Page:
Mr. Parker loved his art and could never suffer gladly those who merely affected to do so by putting in an appearance at musical functions - a species by no means extinct. There is an oft-repeated story of a lengthy pause in a musical passage at one of his choral concerts - presumably unnoticed by some, and broken by the very audible remark: "I always fry mine in butter."

Runing parallel to Pipitea Street is Little Pipitea Street, known to old identities as "Craig's Lane," after an early resident, and, later still, as "Tar Lane."

North from Pipitea Street, along the front boundary of the Girls' College, lies Moturoa Street, named after one of the chiefs of Pipitea Pa, the other two being Porutu and Wairarapa. This in turn passes into Davis Street, which takes its name from a Maori, who, in the early forties, spoke a little English, dressed a little English, acquired an English name and acted as a native interpreter. (See Wakefield's "Adventure in New Zealand".) He owned the schooner "Maori Davis," the first vessel built (1842) for a bonafide native owner. To offset this, it may be noted that Hiropi Street commemorates no Maori potentate but an erstwhile city father af high renown, sometime Member of Parliament, plus the portfolios of Education and Justice - Mr. Thomas Hislop (in Maori "Hiropi") who for the four years ending 1908 worthily filled the Mayoral Chair. A son, T. C. A. Hislop, C.M.G., followed his example from 1931 to 1944. Grandfather John Hislop, LL.D., F.R.S., arrived in Otago in 1856 and had much to do with putting its education on a sound basis.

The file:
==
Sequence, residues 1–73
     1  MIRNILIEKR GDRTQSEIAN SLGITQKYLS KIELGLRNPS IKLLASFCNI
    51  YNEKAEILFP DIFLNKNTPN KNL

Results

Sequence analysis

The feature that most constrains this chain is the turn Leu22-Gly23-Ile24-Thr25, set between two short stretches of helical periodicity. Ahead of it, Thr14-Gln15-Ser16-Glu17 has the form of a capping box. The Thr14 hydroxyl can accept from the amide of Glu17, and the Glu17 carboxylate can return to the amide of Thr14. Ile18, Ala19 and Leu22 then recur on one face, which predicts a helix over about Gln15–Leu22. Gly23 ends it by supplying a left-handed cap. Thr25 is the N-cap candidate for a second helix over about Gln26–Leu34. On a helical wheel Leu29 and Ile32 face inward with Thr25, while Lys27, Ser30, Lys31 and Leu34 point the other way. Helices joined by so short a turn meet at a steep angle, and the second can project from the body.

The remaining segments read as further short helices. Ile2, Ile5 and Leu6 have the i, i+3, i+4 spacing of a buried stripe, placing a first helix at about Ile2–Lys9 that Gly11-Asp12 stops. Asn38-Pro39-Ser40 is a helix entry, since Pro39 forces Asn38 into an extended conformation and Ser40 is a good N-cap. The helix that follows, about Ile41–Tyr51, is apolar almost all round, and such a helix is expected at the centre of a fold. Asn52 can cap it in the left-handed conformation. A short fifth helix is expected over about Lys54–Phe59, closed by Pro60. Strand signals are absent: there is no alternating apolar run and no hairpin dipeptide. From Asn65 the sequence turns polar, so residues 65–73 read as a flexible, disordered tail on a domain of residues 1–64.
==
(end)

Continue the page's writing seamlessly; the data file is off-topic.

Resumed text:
Brook Street has Maori associations. It may possibly be called after a brook which formerly flowed at the foot of the street, but is more often said to have been named after the notorious interpreter Brook, whose tongue was cut out by the Ngatitoa after the Wairau Massacre in 1843.

Etymologically speaking, Tinakori Road is an undignified name for a most dignified thoroughfare. The name is a mixture of inaccurate Maori and pidgin English. Tina = dinner (Maori has no d) and Kore = a contraction of Kahore meaning "none," and the combination is said to relate to the discontent of the Maori workmen at the postponement of their dinner upon the day of the completion of the road.' The name should at all events be spelt with a final "e.", Name aside, it is a beautiful stretch of highway, following without a bend the foot of the Ahu-mai-rangi Heights, commonly called the Tinakori Hills, and extending for a mile - eightyfive chains to be exact - from the main Botanical Gardens gate almost to the sea. In the 1841 plan of the city of Wellington the only streets laid out leading from Tinakori Road to the higher land behind are Park Street, George Street, Harriett Street and St, Mary Street.